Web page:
Getting to know… The Local Vault seller Cynthia Stoldt

Our sellers are known for having great taste and enviable home design. We love getting the chance to get to know them, their influences, and hearing the stories behind their style. Seller Cynthia Stoldt impressed us with her unique style and strong eye for design. As it turns out, great style runs in her family.

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Money Has Nothing to do with Taste

Growing up, Cynthia learned that having true style is does not require a major budget. “My Great Aunt Marge was the Original Style influencer.  She and my Uncle were poor—he worked for PSE&G and she worked as a furrier’s assistant but, she taught me that money has nothing to do with taste. Their apartment in a 30’s or 40’s grey stone building in Millburn NJ was chock-full of chintz down-filled loveseats, pressed and cut glass punch bowls and vases, cranberry glass, and silver-rimmed pitchers, gold leaf oil paintings, and cuckoo clocks. It was lavish and wonderful…and, so was Aunt Marge. She always wore red lipstick and white gloves (and drive a black vintage Mercedes).  Later in life, she worked in a high-end antique store and I am certain all her paychecks were spent buying special home decor that she gifted to my mother and me.”


Making the Most of What You’ve Got

Along with her aunt, her mother inspired her with great style, creativity, and the drive to turn her passion into her career. “My Mom adored Aunt Marge as much as I did so it was no surprise that after graduating from Katherine Gibbs Secretarial School (as one did) that she went on to work at Milliken Mills in Textiles.  She then became a lead merchant at a regional NJ department store. But the job I love to brag about is that she was Associate Fashion Editor at Seventeen magazine.  When we were in elementary school, my Mom went back to school to get her ASID certification. She went on to become the Interior Designer of choice for many Bergen County high-end homes—including former Giant’s quarterback Phil Simms.”  Her mother was bold and resourceful. In the late ’70s, after completing a kitchen redesign in their family home, she landed their kitchen an agent, and the room went on to be featured in many TV commercials.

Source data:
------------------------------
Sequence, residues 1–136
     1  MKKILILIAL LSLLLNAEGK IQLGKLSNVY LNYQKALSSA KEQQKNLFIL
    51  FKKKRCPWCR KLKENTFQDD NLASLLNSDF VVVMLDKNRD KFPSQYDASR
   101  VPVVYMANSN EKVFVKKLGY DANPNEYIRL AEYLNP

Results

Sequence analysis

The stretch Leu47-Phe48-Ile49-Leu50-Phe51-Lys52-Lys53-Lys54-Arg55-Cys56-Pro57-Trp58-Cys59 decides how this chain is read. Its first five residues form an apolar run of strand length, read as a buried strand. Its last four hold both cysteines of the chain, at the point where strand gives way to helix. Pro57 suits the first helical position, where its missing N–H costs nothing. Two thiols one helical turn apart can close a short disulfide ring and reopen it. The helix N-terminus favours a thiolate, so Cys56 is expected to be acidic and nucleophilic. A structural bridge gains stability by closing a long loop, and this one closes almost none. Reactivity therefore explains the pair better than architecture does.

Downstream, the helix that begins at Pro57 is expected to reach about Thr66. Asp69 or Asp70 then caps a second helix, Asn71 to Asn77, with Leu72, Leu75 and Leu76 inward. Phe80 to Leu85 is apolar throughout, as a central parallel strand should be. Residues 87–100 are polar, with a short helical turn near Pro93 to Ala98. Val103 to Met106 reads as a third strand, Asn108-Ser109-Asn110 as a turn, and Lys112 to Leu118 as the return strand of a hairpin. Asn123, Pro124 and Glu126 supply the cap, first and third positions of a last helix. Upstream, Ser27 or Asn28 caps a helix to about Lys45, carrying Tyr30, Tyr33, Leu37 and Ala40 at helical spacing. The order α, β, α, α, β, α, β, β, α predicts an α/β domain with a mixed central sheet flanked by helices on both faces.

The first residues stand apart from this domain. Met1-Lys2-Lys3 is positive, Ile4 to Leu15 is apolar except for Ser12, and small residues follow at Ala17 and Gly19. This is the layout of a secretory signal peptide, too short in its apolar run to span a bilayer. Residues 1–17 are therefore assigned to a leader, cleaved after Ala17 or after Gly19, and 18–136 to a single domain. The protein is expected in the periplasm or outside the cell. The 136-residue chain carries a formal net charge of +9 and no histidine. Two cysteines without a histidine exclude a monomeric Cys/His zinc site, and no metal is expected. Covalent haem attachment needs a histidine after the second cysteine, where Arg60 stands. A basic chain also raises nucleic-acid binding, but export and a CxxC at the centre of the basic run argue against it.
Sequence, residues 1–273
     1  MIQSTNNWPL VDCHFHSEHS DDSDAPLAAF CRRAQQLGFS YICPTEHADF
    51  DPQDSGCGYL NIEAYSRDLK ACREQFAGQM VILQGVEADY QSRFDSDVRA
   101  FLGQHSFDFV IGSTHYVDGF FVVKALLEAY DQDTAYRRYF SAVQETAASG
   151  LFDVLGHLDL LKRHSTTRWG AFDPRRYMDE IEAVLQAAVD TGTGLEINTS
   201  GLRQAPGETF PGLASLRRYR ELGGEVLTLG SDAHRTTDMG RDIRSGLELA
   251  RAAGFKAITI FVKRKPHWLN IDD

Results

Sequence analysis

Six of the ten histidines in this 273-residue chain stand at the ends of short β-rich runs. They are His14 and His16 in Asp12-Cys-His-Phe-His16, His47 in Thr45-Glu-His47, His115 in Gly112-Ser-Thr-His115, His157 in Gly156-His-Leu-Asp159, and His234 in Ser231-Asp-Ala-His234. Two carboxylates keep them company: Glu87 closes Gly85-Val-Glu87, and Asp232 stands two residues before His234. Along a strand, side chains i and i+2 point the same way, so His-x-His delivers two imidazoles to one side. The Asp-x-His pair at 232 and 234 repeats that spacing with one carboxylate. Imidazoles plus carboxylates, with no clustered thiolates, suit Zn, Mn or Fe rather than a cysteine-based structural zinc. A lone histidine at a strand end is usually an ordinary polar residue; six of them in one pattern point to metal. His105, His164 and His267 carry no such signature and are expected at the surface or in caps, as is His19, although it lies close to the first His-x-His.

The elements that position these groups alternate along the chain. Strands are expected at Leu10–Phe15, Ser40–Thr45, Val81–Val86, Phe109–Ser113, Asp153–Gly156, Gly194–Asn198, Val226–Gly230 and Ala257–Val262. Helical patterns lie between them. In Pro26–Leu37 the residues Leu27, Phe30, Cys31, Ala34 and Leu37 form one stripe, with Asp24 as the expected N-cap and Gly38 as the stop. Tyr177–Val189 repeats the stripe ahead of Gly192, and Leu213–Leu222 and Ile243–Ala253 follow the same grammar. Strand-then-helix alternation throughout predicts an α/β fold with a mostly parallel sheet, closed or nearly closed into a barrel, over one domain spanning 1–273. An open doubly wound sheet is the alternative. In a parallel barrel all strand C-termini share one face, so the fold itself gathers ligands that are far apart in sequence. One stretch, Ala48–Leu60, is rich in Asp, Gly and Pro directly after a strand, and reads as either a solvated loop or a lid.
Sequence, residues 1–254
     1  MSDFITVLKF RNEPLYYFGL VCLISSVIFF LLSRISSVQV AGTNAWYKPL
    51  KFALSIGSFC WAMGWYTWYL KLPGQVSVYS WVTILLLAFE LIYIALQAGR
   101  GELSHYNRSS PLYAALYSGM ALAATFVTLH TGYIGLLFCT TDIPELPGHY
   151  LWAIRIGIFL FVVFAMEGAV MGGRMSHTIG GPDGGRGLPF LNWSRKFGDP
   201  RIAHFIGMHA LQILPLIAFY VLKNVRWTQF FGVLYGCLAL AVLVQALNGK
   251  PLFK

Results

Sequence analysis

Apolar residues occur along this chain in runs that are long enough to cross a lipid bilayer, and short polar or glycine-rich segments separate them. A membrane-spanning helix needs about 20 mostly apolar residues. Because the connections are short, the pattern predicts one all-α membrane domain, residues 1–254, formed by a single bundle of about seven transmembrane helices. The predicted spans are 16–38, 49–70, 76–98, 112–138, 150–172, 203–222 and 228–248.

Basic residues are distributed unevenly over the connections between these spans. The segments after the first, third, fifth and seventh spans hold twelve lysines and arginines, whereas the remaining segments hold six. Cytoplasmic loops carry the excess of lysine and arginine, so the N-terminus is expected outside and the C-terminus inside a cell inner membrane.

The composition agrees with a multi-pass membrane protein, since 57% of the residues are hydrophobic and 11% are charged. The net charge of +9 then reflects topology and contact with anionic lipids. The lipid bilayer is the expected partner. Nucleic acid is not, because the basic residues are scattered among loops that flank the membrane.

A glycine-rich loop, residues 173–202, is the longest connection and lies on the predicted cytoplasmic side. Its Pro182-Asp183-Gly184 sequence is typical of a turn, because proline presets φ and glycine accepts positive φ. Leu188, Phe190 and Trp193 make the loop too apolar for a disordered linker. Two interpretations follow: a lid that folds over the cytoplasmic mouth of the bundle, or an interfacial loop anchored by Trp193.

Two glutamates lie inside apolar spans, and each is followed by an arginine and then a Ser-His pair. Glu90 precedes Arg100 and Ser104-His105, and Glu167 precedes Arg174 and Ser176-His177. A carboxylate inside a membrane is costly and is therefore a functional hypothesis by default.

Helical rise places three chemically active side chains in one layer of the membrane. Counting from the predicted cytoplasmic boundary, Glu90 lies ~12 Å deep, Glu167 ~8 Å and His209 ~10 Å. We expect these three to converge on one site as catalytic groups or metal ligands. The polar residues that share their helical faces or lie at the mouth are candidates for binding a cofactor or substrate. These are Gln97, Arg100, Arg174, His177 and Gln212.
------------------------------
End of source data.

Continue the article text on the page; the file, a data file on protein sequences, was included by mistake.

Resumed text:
A (First) Home with Style

While many first homes are filled with pieces that can best be described as place holders while waiting for better items to replace them, Cynthia’s home had a more “mature” style from day one. “I bought my first home in 1994 in Paulus Hook, Jersey City—an 1875 Victorian brownstone.  I literally spent my last penny on the down payment. Aunt Marge was moving out of her apartment the same year and I inherited so much from my childhood wonderland—my first house felt like an 80-year-old (with taste) lived there.  Over the years (and several houses later), I have edited down the inherited pieces to those that really matter to me and invested in exceptional pieces that will never go out of style.”



Motherly Advice

Having an interior designer for a mother has its benefits. When it came to words of wisdom, her mother offered her a simple but effective bit of advice: “invest in pieces that are timeless —and to make sure that what you buy compliments what you already own. That’s what I’ve done.”



The Are No Rules

Living in France gave Cynthia an opportunity to broaden her design horizons and evolve her style. “I love how the Parisians fill their apartments with mixed styles—contemporary with traditional; MCM with Victorian—there are no rules as long as you surround yourself with special items that work together. When I look at my house today, each room reflects that—a well-edited hodgepodge of fine statement pieces that matter to me.”



Finding Beauty in the Details

For Cynthia, every item in her home came to her in a unique way. She is drawn to quality pieces with beautiful details to make each special in its own way. “Timeless beauty gets me every time—the velvet cut-out pattern on the Baker slipper chairs on castors had me smitten—I knew I needed to make them the focal piece of my dining room and bring them to NY from Chicago. They were special and clearly well-designed and well-made. The black lacquer contrast with the deep high gloss walnut of the pair of Baker (Bill Sofield) side tables, also spoke to me. I brought those to NY from the Carolinas. And then, there is the dining room table’s history. The company that refinished that rosewood beauty found it unbleached and abandoned in Denmark—they brought it to Jersey City and restored it to its current grandeur.

Every piece must sing to me, have meaning and history—and work coherently together.”

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Text by Liana Hayles Newton / Nancy Blaker Weber

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